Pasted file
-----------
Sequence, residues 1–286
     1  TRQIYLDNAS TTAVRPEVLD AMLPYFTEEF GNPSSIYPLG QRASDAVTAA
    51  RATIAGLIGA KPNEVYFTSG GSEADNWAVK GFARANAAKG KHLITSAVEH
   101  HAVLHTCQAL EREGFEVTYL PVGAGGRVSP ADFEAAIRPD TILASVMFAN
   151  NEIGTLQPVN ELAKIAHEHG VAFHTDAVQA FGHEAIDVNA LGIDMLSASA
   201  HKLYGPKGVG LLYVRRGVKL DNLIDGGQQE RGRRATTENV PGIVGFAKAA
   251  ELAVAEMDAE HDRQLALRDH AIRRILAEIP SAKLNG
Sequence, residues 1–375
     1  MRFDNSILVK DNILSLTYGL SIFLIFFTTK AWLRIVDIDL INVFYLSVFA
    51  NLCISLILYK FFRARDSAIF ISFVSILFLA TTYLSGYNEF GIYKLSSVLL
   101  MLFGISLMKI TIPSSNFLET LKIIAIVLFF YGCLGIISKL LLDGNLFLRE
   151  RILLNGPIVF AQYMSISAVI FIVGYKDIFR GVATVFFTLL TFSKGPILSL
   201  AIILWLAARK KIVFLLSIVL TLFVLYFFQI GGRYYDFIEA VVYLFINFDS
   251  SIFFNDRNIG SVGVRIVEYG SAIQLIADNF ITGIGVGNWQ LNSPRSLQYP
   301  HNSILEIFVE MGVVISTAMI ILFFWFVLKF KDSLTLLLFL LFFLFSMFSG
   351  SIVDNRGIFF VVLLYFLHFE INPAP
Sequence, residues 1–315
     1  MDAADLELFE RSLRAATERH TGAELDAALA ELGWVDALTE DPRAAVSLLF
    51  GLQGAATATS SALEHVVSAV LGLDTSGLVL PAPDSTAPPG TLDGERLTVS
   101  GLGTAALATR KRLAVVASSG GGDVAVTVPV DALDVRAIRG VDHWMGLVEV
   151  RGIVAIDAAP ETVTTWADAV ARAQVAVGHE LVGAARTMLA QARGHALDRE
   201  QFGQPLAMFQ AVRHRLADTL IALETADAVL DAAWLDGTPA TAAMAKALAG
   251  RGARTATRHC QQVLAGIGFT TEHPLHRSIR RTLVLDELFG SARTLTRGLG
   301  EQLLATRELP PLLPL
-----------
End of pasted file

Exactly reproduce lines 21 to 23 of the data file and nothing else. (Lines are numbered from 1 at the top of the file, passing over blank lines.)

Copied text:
   151  RGIVAIDAAP ETVTTWADAV ARAQVAVGHE LVGAARTMLA QARGHALDRE
   201  QFGQPLAMFQ AVRHRLADTL IALETADAVL DAAWLDGTPA TAAMAKALAG
   251  RGARTATRHC QQVLAGIGFT TEHPLHRSIR RTLVLDELFG SARTLTRGLG